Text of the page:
The conjugate addition with a naphthyl group affords the addition product. Methylation, reductive cleavage of the sulfinyl group, and alkylation give the optically pure steroid intermediate (3).3
Reagent 1 also undergoes asymmetric Michael additions with enolate ions.10 Michael additions with disubstituted lithium enolates proceed with almost complete p-facial diastereoselectivity. Starting with these Michael additions, (-)-methyl jasmonate11 (4) and (-)-estrone methyl ether12 (5) can be obtained in high enantiomeric purities.
The TiCl4-catalyzed reaction of 1 with crotylsilanes proceeds with high diastereoselectivity to give the (3S)-products (6).13 Reaction of 2-(phenylsulfinyl)-2-cyclopenten-1-one with LiOO-t-Bu gives the epoxide with low diastereoselectivity.14
Reagent 1 is useful as an efficient chiral dienophile in asymmetric Diels-Alder reactions. Reaction of 1 with cyclopentadiene in the presence of a Lewis acid occurs with high stereoselectivity.15 Reaction with 6-methoxy-1-vinyl-3,4-dihydronaphthalene in the presence of EtAlCl2 proceeds with complete regioselectivity and endo selectivity (7).16 This stereochemical result can be explained in terms of a chelated conformer which directs the stereochemistry of approach of the dienophile.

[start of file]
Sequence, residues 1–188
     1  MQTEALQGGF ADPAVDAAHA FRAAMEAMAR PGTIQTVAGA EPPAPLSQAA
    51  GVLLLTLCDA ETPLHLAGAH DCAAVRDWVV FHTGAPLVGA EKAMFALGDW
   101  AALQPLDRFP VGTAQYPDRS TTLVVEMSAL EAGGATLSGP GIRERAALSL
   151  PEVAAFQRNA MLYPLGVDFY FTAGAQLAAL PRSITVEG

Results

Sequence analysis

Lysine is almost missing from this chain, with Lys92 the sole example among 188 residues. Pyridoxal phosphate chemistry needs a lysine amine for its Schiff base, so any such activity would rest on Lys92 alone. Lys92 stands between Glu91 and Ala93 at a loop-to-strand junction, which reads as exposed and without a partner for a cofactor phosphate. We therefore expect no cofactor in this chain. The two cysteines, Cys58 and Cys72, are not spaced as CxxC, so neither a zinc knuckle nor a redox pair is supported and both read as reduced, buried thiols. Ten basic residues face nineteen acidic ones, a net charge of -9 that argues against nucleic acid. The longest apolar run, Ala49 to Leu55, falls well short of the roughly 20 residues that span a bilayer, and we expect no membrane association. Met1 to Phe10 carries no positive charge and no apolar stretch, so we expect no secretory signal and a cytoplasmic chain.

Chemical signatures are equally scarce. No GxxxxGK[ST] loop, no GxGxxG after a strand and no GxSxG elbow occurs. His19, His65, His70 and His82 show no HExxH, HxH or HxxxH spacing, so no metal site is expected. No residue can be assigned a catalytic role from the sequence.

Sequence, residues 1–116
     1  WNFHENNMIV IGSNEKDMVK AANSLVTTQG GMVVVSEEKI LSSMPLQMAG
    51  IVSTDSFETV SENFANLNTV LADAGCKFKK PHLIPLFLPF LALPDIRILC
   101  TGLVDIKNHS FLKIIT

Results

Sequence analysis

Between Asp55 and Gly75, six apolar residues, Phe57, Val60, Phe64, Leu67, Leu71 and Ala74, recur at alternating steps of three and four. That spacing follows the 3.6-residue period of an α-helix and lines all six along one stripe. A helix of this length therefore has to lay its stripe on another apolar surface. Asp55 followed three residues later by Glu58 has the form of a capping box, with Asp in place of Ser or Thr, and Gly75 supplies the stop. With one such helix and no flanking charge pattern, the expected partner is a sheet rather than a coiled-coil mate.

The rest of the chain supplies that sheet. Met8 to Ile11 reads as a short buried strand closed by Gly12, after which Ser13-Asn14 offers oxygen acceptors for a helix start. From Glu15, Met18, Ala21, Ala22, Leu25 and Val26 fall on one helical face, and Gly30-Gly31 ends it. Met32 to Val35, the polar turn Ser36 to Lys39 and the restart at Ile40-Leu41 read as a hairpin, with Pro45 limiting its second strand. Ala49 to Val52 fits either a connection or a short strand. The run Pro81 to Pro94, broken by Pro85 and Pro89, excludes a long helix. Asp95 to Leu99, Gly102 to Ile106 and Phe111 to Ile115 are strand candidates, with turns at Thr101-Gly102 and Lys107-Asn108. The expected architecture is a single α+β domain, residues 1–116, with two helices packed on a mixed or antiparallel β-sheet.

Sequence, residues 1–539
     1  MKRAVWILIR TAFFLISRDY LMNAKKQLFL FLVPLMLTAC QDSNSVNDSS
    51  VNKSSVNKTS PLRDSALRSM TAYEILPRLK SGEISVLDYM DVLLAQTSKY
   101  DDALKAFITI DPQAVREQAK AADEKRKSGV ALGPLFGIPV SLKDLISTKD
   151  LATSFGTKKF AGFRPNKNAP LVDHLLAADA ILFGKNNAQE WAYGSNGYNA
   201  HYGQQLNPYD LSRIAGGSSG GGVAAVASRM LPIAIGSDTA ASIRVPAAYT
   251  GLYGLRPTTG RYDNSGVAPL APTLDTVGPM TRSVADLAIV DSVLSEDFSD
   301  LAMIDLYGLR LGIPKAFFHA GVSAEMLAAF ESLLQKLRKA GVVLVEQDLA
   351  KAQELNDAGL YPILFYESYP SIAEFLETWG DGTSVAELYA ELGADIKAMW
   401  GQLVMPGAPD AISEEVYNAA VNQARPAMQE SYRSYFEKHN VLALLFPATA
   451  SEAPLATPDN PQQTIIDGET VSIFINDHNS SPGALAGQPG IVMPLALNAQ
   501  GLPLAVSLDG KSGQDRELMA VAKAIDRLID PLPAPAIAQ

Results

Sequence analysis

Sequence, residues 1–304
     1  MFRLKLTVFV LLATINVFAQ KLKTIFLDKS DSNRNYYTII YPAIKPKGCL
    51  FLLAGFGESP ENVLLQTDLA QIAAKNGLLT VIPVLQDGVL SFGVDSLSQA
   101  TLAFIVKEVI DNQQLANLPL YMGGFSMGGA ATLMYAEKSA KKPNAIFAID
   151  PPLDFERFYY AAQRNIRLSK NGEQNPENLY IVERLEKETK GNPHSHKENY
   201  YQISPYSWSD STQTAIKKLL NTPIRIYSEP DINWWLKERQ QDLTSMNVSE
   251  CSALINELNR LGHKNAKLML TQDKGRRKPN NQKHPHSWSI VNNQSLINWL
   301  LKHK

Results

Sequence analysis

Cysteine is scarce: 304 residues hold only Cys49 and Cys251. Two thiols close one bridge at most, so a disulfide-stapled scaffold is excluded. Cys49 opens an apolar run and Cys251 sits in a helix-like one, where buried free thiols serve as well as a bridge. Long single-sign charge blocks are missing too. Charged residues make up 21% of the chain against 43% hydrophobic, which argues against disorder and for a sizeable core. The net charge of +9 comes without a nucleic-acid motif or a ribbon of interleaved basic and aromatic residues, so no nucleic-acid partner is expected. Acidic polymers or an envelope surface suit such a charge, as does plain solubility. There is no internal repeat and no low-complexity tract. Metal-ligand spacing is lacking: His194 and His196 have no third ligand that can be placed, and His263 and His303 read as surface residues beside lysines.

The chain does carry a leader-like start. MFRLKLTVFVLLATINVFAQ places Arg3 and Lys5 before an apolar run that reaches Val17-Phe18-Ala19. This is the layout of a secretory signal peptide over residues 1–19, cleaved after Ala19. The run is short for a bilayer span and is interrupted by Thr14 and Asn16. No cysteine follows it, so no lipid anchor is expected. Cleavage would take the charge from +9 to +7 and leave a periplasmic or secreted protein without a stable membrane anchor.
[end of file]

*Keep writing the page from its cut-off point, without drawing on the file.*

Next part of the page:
Treatment of 2-(phenylsulfinyl)-2-cyclopenten-1-one with phthalic anhydride in the presence of NaH gives the [4 + 2] cycloaddition product (8).17
Reaction with Alkyl Radicals
The addition of alkyl radicals to 1 affords the products in good yields but with low stereoselectivity (9). In order to shield one diastereotopic face effectively toward the attack of alkyl radicals, the cyclopentenone should have a sterically bulkier aryl group on the sulfur, i.e. the sulfoxides having an ortho-substituted aryl group show high diastereoselection. Thus, 2-(S)-[(2,4,6-triisopropylphenyl)sulfinyl]-2-cyclopenten-1-one (4) and 2-(S)-[(2,4,6-trimethylphenyl)sulfinyl]-2-cyclopenten-1-one (5) give (R)-3-alkylated cyclopentanones with extremely high diastereoselectivities in reactions with alkyl radicals such as a t-butyl, isopropyl, or cyclohexyl radical, and even with the less bulky ethyl radical (2).4,18 The reaction of 5 with a tert-butyl radical in the presence of EtAlCl2 or TiCl2(O-i-Pr)2 completely reverses the face selection, giving only the (3S)-3-tert-butylcyclopentanone (2). The change in the product distribution is apparently due to the conformation fixed by chelation with a Lewis acid between the carbonyl and sulfinyl oxygens. However, ZnBr2, which is an efficient chelating Lewis acid in the Michael additions, causes only a small change or none in the product ratio in these radical reactions.